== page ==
I rarely ever get clear moonless skies while on my trips, but on this trip I was lucky to get one such night and decided to go check out the "Sand Beach" for a night sky shot. Both, taking such shots and post-processing them, are a bit challenging but I guess as I take more of these, I will learn and perfect them over time. 

A good thing about National Parks management, across the US and Canada, is that more and more parks in the network are being turned into "Dark Sky" areas, with technology and smart systems slowly enabling minimal usage of lights within core areas of the parks.

Time was, when we were kids, we could see the milky way from within a city. But nowadays, those kind of night sky views are almost gone, so we have to travel to the countryside and such parks to witness them.

With rains forecast on the second day, I decided to check out the unique 'Carriage Roads' that run through the park. 45 miles of them (all donated by John D Rockefeller Jr & his family who had them built) run through the park. With interesting stone bridges and streams and even a waterfall (though dry at this time of the year) along the way, some of the sections are truly breathtaking.

With it's unique north-eastern location, Maine and Acadia N.P gets the privilege of witnessing the sun rise every morning, about 2-3 minutes before any other state in the United States. I was lucky to witness not one but several gorgeous sunrises, from various vantage points in the park, from the summit of Cadillac mountain, along southwest harbour and en route to the Bass Harbour lighthouse.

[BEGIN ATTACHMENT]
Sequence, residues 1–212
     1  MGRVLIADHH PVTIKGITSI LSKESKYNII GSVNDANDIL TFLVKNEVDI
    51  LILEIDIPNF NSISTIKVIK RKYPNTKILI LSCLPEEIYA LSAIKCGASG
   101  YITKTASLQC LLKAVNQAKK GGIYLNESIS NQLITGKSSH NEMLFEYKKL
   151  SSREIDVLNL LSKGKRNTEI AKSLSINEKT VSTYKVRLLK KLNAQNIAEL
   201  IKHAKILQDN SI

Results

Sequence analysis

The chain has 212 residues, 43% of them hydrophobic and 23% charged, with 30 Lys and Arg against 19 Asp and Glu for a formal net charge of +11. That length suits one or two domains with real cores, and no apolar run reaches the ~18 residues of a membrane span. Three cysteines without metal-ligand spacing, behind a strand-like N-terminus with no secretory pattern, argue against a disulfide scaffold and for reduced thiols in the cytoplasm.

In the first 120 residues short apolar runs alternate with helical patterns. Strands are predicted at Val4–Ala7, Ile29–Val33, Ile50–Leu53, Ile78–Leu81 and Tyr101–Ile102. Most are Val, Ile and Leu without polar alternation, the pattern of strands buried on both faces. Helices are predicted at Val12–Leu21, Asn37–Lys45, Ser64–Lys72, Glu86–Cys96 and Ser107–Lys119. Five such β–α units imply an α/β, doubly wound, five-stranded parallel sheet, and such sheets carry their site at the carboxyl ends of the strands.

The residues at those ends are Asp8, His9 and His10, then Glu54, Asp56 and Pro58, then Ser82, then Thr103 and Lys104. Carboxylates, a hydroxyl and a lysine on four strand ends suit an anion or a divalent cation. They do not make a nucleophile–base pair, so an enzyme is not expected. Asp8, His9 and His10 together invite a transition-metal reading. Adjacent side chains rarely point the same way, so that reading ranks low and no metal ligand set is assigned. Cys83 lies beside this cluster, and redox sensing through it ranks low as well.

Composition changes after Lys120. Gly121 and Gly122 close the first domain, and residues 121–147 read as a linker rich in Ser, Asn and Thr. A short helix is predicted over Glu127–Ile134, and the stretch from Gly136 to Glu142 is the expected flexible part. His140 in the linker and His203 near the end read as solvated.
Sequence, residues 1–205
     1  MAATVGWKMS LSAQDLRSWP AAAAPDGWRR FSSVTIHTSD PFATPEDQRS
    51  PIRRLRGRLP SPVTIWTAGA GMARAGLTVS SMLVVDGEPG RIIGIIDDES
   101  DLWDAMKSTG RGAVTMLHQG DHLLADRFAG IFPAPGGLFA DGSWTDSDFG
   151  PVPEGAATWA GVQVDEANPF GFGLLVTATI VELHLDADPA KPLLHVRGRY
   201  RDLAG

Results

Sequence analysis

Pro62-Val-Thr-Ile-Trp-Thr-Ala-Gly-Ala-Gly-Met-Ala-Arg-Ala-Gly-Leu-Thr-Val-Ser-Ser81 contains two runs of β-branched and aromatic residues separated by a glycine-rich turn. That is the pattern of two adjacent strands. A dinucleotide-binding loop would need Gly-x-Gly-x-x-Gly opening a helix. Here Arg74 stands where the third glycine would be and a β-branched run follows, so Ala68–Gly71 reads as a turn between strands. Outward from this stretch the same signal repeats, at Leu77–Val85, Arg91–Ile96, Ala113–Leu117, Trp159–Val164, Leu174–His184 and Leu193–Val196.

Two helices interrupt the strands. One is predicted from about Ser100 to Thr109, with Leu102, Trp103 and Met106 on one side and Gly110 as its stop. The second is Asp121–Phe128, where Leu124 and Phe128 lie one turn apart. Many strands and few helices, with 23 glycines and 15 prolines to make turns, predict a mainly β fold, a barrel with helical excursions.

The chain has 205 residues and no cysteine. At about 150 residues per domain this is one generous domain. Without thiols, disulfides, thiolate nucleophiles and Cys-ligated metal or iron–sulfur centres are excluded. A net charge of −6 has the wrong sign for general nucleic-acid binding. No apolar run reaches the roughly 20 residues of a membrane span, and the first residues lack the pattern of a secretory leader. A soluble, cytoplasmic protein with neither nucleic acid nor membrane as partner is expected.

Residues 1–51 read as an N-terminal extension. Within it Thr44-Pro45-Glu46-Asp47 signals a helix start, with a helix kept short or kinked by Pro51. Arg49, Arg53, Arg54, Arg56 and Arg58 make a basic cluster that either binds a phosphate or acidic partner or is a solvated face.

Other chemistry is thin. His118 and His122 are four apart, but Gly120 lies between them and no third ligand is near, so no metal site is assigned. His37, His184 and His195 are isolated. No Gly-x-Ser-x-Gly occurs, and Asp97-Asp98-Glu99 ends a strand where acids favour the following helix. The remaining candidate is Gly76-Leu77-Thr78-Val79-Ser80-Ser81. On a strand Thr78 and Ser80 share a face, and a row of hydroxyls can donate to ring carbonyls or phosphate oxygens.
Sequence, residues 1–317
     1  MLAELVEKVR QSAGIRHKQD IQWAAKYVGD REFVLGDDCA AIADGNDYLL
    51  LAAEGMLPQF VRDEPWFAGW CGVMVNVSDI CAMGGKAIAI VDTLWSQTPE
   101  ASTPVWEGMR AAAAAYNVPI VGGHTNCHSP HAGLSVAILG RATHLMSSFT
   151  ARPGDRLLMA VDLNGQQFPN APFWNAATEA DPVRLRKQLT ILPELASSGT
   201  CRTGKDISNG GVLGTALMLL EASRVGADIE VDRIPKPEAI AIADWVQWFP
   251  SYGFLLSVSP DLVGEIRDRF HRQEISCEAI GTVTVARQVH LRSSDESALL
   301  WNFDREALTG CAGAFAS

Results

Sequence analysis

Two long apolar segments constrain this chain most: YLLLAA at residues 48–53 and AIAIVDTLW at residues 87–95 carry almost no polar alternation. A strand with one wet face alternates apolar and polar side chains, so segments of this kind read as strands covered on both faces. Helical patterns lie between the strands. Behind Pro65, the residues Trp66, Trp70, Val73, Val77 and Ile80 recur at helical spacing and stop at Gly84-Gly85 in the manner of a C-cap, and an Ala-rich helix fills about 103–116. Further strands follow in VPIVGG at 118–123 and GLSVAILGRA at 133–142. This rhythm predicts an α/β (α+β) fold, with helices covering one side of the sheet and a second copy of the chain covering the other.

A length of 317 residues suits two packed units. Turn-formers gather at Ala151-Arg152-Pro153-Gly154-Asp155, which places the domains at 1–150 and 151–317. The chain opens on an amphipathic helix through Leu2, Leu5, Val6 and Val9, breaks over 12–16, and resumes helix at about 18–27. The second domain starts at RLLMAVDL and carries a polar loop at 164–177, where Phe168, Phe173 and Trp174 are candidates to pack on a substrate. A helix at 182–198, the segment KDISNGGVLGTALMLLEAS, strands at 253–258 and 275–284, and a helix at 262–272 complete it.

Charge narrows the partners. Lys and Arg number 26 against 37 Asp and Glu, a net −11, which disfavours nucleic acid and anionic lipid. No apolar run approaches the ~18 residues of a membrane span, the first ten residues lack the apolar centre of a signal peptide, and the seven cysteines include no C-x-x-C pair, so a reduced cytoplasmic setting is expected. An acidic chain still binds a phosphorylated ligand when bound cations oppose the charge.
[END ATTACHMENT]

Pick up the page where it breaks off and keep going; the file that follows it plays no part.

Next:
Some people ask me why I'm obsessed with sunrises (as opposed to sunsets, which I like too) and the answer is simple. It's a safety and convenience thing. Best times to capture colour are ~1-2 hours before sunrise and ~1-2 hours after sunset. Given these time periods, it is easier to do a sunrise shot if you are hiking up to a difficult spot to view it. At least the return hike, when you are eager to get back and fast, is not in the dark (as in the case of a sunset).

As a matter of planning I usually choose beforehand, some of the key areas, spots that I want to cover, as a must-do. Anything that I see beyond that is a bonus. 

My last morning was spent on top of Cadillac mountain looking out into Frenchman Bay and the Atlantic Ocean with the sun rising from the east. And finally it was time to say goodbye to another beautiful national park and head home, this time taking a different route, heading south towards Boston and then east to Toronto, via 4 states & 1 province, Maine, New Hampshire, Massachusetts, New York & Ontario.

For a few more pics from the park, click on the link below

Acadia National Park